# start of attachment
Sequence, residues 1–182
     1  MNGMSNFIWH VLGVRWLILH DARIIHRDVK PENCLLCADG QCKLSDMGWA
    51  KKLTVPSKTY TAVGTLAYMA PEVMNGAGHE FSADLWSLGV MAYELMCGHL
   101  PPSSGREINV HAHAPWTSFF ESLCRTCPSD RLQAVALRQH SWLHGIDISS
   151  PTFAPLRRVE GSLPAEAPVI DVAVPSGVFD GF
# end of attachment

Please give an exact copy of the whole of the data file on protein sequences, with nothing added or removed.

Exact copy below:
Sequence, residues 1–182
     1  MNGMSNFIWH VLGVRWLILH DARIIHRDVK PENCLLCADG QCKLSDMGWA
    51  KKLTVPSKTY TAVGTLAYMA PEVMNGAGHE FSADLWSLGV MAYELMCGHL
   101  PPSSGREINV HAHAPWTSFF ESLCRTCPSD RLQAVALRQH SWLHGIDISS
   151  PTFAPLRRVE GSLPAEAPVI DVAVPSGVFD GF